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Sacramento-area Catholic schools are lifting mask mandates ahead of the state

Catholic students in two Northern California dioceses removed their masks this week after leaders said they wouldn't wait for state approval to lift the mandate in their classrooms.

On Monday, California Health and Human Services Secretary Dr. Mark Ghaly announced that the state would move to strongly recommending masking in schools after 11:59 p.m. on March 11. In the meantime, students and staff are still required under state law to wear masks at school. Masking rules apply to both public and private K-12 schools, according to the California Department of Public Health.

Shortly following the announcement, Katie Perata, executive director of Catholic schools for the Diocese of Sacramento, and Stockton Bishop Myron J. Cotta, sent letters to their respective communities announcing they would allow students to remove masks before the state lifts its mandate.

Perata said the Diocese of Sacramento will follow the most recent guidance from the Centers for Disease Control, which allows schools to be mask-optional based on the levels of hospitalizations and new COVID-19 cases in the area. Diocese schools that are located in a county categorized as low to medium spread, including Colusa, El Dorado, Placer, Sacramento, Yolo, can lift masks immediately, Perata said Monday.

The Diocese of Sacramento operates 36 elementary schools and six high schools, serving more than 13,000 students, according to its website.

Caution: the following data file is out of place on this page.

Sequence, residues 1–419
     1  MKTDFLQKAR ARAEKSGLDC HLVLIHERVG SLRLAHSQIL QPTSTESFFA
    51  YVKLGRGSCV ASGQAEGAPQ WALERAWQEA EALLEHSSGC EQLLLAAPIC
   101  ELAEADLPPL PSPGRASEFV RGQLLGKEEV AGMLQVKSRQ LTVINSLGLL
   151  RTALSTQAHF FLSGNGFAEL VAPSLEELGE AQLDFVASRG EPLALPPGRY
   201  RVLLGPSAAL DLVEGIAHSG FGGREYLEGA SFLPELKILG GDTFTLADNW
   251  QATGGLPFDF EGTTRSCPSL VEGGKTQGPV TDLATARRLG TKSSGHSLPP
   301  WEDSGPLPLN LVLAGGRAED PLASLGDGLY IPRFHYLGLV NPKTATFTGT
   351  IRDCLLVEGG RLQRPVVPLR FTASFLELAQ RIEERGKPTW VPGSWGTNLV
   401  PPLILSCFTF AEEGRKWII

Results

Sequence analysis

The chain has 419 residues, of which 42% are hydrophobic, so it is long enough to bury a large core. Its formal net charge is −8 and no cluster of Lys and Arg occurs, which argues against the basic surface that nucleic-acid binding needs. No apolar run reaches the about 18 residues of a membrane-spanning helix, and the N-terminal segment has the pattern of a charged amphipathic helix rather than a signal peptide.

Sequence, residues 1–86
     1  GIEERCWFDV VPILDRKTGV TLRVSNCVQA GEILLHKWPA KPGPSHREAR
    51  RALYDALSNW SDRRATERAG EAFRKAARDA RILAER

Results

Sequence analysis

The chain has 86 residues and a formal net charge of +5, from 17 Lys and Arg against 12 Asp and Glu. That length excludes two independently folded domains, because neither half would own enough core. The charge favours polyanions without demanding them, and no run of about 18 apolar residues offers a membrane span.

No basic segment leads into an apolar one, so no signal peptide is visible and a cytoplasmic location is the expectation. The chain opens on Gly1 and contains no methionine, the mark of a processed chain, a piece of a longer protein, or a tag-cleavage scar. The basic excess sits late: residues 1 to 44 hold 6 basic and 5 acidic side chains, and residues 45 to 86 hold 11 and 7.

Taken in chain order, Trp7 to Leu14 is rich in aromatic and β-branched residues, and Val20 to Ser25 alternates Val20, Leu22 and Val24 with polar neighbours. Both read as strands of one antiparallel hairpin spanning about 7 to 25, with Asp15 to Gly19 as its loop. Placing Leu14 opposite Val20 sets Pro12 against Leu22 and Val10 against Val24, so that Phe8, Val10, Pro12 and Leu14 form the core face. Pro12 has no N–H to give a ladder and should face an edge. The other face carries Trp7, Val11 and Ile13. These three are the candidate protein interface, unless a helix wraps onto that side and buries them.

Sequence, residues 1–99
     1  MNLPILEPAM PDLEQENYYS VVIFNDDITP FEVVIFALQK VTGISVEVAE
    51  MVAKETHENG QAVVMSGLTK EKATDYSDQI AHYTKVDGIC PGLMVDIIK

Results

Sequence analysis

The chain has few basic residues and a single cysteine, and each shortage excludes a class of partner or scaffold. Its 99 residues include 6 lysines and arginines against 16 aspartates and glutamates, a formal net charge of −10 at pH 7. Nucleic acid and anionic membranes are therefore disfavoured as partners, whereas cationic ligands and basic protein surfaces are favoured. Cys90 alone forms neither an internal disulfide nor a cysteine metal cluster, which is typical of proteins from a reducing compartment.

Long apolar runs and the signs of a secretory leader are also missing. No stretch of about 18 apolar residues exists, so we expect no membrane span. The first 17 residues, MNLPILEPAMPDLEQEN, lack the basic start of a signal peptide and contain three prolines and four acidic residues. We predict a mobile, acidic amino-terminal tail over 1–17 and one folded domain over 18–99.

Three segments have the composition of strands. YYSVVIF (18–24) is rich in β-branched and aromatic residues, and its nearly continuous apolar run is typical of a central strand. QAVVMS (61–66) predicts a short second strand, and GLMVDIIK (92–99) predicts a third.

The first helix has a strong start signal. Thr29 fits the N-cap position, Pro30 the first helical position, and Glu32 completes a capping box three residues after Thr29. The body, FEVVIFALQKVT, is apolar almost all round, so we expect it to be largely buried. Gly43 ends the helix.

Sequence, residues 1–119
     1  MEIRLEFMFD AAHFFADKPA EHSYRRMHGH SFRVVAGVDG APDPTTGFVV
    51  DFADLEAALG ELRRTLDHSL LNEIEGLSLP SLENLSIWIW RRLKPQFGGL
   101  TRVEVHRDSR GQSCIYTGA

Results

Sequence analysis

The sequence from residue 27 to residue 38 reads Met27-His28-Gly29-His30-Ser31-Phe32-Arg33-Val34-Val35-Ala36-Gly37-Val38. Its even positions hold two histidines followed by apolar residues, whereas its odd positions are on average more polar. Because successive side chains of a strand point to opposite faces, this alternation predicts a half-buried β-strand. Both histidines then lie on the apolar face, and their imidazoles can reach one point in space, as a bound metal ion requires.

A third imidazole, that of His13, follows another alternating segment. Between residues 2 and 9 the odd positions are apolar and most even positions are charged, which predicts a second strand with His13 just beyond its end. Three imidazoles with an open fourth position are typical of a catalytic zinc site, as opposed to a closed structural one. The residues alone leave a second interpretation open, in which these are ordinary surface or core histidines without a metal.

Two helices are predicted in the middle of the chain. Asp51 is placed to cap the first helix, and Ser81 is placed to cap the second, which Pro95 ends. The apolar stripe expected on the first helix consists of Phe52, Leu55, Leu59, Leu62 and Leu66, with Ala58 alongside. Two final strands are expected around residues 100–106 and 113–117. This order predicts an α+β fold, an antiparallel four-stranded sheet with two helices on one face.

"I encourage our families to begin conversations at home concerning mask wearing," Perata wrote to families. "Whether or not a student wears a mask is a family decision and in the classroom, we want to ensure no child is made to feel uncomfortable due to that choice. This preparation is essential for inclusive and respectful environments as we move forward."

In his letter, Cotta, in Stockton, lamented that the pandemic and debate around masking in schools has increased division in the community, and that he finds he is caught in a "lose-lose situation."

After some reflection, Cotta said the diocese will strongly recommend masks starting March 1. The diocese operates two high schools, 11 elementary schools and eight preschools near Stockton and Modesto.

"The use of other mitigation strategies will continue to be used to support a healthy working and learning environment," he wrote. "For those who wish for their child to continue to wear a mask, we will fully support this choice."

The dioceses are not the first to defy the state's school mask mandate. In February, several districts voted to make masks optional for their students. As a result, some of them could lose insurance coverage.

Even though state officials say all schools must follow the law, California has done little to enforce it.

When asked on Monday, Ghaly acknowledged that some may defy the school rules.

"I think that the issues around enforcement, whether it's at the state or local level, have been tricky throughout the pandemic," he said. "I'm confident that we will continue to see the schools keep keep masks on, though it won't happen everywhere."

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